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1.  An fMRI study of the brain responses of traumatized mothers to viewing their toddlers during separation and play 
This study tested whether mothers with interpersonal violence-related posttraumatic stress disorder (IPV-PTSD) vs healthy controls (HC) would show greater limbic and less frontocortical activity when viewing young children during separation compared to quiet play. Mothers of 20 children (12–42 months) participated: 11 IPV-PTSD mothers and 9 HC with no PTSD. During fMRI, mothers watched epochs of play and separation from their own and unfamiliar children. The study focused on comparison of PTSD mothers vs HC viewing children in separation vs play, and viewing own vs unfamiliar children in separation. Both groups showed distinct patterns of brain activation in response to viewing children in separation vs play. PTSD mothers showed greater limbic and less frontocortical activity (BA10) than HC. PTSD mothers also reported feeling more stressed than HC when watching own and unfamiliar children during separation. Their self-reported stress was associated with greater limbic and less frontocortical activity. Both groups also showed distinct patterns of brain activation in response to viewing their own vs unfamiliar children during separation. PTSD mothers’ may not have access to frontocortical regulation of limbic response upon seeing own and unfamiliar children in separation. This converges with previously reported associations of maternal IPV-PTSD and atypical caregiving behavior following separation.
PMCID: PMC3501701  PMID: 22021653
maternal PTSD; early childhood; functional neuroimaging; emotion regulation; corticolimbic pathways; interpersonal violence
2.  Randomized controlled trial of Family Nurture Intervention in the NICU: assessments of length of stay, feasibility and safety 
BMC Pediatrics  2013;13:148.
While survival rates for preterm infants have increased, the risk for adverse long-term neurodevelopmental and behavioral outcomes remains very high. In response to the need for novel, evidence-based interventions that prevent such outcomes, we have assessed Family Nurture Intervention (FNI), a novel dual mother-infant intervention implemented while the infant is in the Neonatal Intensive Care Unit (NICU). Here, we report the first trial results, including the primary outcome measure, length of stay in the NICU and, the feasibility and safety of its implementation in a high acuity level IV NICU.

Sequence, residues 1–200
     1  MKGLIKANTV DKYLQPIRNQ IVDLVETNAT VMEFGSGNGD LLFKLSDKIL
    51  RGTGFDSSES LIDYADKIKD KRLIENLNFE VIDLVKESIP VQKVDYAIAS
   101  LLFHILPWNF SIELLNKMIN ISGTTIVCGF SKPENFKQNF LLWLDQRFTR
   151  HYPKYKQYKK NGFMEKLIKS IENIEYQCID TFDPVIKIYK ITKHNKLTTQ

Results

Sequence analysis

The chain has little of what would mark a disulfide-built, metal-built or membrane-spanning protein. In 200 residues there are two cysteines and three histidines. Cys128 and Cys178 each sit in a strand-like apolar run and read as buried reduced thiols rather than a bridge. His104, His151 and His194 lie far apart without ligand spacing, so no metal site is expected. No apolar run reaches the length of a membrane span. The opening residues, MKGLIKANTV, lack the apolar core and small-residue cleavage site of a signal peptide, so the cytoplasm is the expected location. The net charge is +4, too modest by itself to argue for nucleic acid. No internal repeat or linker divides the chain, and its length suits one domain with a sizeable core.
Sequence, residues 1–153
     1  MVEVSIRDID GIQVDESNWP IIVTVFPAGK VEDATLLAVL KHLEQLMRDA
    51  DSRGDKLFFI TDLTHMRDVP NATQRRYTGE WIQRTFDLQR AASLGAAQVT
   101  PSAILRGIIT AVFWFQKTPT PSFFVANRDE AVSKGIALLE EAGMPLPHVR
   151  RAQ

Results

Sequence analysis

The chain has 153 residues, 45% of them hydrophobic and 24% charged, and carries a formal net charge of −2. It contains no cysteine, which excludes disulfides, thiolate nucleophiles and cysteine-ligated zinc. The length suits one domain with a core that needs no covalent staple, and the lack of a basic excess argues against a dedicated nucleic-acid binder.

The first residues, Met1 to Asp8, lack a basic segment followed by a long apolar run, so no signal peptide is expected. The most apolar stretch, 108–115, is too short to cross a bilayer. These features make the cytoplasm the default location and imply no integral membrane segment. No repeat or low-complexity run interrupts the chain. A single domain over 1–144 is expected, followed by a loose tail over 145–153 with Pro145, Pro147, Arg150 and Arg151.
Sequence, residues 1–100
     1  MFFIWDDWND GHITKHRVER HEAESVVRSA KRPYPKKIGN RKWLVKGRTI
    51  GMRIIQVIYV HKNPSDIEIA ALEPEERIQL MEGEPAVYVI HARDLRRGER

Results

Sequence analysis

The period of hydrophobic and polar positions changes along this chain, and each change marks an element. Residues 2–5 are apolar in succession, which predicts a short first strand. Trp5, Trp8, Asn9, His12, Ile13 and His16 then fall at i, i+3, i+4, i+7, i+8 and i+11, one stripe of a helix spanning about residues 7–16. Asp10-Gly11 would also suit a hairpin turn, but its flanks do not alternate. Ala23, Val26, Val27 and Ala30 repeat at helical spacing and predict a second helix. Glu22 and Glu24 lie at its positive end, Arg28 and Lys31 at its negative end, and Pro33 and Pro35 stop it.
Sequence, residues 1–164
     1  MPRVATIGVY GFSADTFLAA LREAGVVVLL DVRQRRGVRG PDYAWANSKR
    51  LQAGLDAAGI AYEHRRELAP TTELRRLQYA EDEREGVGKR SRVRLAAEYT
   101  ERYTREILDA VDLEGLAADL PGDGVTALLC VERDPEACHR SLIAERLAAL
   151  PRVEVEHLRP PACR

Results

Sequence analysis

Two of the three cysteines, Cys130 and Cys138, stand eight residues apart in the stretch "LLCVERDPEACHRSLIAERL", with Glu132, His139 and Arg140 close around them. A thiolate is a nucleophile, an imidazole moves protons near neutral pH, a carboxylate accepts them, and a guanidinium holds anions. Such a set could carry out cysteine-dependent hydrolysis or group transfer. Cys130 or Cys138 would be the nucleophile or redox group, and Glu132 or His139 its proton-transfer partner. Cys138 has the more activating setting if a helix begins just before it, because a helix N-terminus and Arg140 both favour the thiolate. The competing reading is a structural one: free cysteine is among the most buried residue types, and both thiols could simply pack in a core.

The FNI trial is a single center, parallel-group, randomized controlled trial at Morgan Stanley Children’s Hospital for mothers and their singleton or twin infants of 26–34 weeks gestation. Families were randomized to standard care (SC) or (FNI). FNI was implemented by nurture specialists trained to facilitate affective communication between mother and infant during specified calming interactions. These interactions included scent cloth exchange, sustained touch, vocal soothing and eye contact, wrapped or skin-to-skin holding, plus family-based support interactions.
A total of 826 infants born between 26 and 34 weeks during the 3.5 year study period were admitted to the NICU. After infant and mother screening plus exclusion due to circumstances that prevented the family from participating, 373 infants were eligible for the study. Of these, we were unable to schedule a consent meeting with 56, and consent was withheld by 165. Consent was obtained for 150 infants from 115 families. The infants were block randomized to groups of N = 78, FNI and N = 72, SC. Sixteen (9.6%) of the randomized infants did not complete the study to home discharge, 7% of those randomized to SC and 12% of FNI infants. Mothers in the intervention group engaged in 3 to 4 facilitated one- to two-hour sessions/week. Intent to treat analyses revealed no significant difference between groups in medical complications. The mean length of stay was not significantly affected by the intervention.
There was no significant effect demonstrated with this intervention amount on the primary short-term outcome, length of stay. FNI can be safely and feasibly implemented within a level IV NICU.
Trial registration NCT01439269
PMCID: PMC3851000  PMID: 24063360
Premature infant; NICU; Nurture; Safety; Feasibility; Length of stay
4.  Family nurture intervention (FNI): methods and treatment protocol of a randomized controlled trial in the NICU 
BMC Pediatrics  2012;12:14.